I was expecting to see something more XP-like or XP-like (again) or even Mac-like, but it doesn't look like anything much.

    1. Liam Proven (Written by Reg staff) Silver badge

      [Author here]

      > it doesn't look like anything much.

      I welcome correction on this, but the desktops that I have seen that undertake extensive customisation of GNOME usually either do so by forking the code, as per the example of Linux Mint, or by using in-house developed extensions. For example, Zorin OS. I've spoken to the team behind Zorin, OS, & they told me that they originally did a lot of the development work on "dash to panel", but that project is now continuing via other developers, and as far as I know the current version of the Zorin OS extensions are only available in Zorin OS itself.

      In the interests of fairness, it is worth pointing out that older versions of the Zorin OS extensions are available from the GNOME extensions store, but they are not the current versions and they do not work on any current or recent version of GNOME. In fact, the versions that are on the GNOME extensions site were put there by the current maintainer and creator of the Ubuntu Cinnamon distribution.

      Whereas Freespire here is using existing extensions from the GNOME extensions page, cleverly combining them to achieve a comparable degree of customisation to Mint and Zorin OS with considerably less development work. I think that's a respectable effort and that this is worthy of attention. I was not expecting a small team's relaunch of a product from some 20 years ago to be anything dramatic or impressive, and yet this was a substantially modified version of Ubuntu, and it actually works pretty well -- thus the positive review. I was actually quite impressed by what I saw.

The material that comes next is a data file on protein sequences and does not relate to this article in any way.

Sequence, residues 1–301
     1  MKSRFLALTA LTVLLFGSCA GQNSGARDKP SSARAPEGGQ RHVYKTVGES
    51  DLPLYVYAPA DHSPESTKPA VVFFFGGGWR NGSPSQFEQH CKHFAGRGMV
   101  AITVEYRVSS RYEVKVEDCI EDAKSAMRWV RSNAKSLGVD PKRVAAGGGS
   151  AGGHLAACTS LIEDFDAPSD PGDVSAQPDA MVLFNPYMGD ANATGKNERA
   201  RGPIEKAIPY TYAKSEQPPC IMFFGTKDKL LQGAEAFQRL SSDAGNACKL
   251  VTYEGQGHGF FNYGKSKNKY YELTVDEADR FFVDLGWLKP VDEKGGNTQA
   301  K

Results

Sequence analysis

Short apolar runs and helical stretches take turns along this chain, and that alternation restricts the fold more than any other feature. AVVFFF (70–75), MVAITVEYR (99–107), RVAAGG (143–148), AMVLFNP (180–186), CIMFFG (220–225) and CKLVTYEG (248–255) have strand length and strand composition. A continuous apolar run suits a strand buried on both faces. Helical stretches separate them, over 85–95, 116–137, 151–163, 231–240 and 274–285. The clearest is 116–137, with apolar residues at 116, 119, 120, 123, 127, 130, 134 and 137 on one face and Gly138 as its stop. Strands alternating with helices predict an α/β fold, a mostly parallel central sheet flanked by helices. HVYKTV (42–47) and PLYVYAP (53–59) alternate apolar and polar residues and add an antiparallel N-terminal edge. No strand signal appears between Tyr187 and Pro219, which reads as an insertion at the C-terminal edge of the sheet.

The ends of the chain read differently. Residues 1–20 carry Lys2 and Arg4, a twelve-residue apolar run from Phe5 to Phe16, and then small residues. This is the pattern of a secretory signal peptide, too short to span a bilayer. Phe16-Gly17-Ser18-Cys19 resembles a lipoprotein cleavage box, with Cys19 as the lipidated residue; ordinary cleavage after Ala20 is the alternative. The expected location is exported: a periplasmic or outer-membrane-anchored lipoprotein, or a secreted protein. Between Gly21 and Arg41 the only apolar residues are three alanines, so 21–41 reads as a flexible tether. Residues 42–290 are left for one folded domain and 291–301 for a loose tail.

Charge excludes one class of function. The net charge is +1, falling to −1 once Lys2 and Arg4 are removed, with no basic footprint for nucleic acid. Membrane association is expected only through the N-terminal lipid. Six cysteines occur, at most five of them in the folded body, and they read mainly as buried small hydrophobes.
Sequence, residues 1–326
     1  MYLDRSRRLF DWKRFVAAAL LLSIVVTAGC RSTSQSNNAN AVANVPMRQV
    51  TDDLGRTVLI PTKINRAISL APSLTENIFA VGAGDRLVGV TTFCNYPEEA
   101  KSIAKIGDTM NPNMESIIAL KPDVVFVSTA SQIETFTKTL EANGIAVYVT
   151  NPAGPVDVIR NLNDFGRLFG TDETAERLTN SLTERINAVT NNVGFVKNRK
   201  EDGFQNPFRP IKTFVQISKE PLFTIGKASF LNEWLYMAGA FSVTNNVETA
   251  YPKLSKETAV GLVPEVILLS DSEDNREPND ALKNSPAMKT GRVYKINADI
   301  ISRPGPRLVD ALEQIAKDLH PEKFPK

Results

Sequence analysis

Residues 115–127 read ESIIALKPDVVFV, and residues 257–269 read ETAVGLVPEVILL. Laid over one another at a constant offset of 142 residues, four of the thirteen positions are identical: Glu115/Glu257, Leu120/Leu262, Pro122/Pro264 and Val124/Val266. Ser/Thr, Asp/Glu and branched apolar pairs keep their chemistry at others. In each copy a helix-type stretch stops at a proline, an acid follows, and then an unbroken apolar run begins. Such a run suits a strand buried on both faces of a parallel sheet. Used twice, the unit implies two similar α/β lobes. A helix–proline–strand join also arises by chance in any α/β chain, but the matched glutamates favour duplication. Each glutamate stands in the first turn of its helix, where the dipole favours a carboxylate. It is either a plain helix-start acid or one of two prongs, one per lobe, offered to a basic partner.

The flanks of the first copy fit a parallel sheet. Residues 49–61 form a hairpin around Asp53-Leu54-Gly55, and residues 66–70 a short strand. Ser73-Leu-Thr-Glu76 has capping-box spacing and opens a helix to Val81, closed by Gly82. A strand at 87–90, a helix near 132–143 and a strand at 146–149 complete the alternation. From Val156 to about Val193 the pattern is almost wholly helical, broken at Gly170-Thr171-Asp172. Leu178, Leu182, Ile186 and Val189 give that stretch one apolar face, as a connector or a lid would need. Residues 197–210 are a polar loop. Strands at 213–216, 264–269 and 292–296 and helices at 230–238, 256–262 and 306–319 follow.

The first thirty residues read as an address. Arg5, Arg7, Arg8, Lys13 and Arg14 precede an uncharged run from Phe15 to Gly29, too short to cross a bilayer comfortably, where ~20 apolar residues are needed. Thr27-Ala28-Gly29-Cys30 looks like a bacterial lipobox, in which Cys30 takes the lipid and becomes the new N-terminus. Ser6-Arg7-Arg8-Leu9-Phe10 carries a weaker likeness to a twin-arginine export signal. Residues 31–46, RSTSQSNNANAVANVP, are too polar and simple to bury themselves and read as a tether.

5. Doctor Syntax Silver badge

    "Vim is preinstalled for Stockholm Syndrome sufferers"

    That's what I think of vim users too. One of my first moves is always to install nvi.

    But ksh - that's really a blast from the past. I don't suppose they've also unwound Ubuntu's idea of there being only a single user password to get root privileges via sudo? Having one user PW to log in and a different one to gain root is just basic 2FA.

    1. Dan 55 Silver badge

      nvi's going backwards though, it's a fork of vi which didn't get very far, unlike vim and neovim (or even dare I say it MacVim and VimR).

      1. Doctor Syntax Silver badge

        It depends on what you regard as a step back - or maybe the value you put on the step forward.

        My objection to vim dates back to my very first encounter. I wanted to remove the carriage returns from a file which originated on Windows. Opened the file in vim and ^Ms at the end of the lines!

        Some unfortunate default in a config file obviously but my reaction is simple: if it can hide that from me what else can it hide? It is not to be trusted. Far simpler to go back to the real vi, which, in effect, nvi is rather than learn the ins and outs of vim's "imrpovements" when I'm not going to trust it.

        Trust is hard to gain and easy to lose. As far as I'm concerned vim lost it instantly on first contact and, as vi is all I want, it just isn't going to get the chance to regain it.

      2. John Brown (no body) Silver badge

        "nvi's going backwards though, it's a fork of vi which didn't get very far, unlike vim and neovim (or even dare I say it MacVim and VimR)."

        With asll those forks and implementations, it sound slike it would be a lot simpler just to instal emacs and be done with it.

        Uh hum-------------------->

        1. Doctor Syntax Silver badge

          Yup, I know it's a great OS but does it have a text editor?

  6. Francis Boyle Silver badge


    I will not appreciate Freespire's ribbon-driven office suite.

    1. Liam Proven (Written by Reg staff) Silver badge

      Re: No

      [Author here]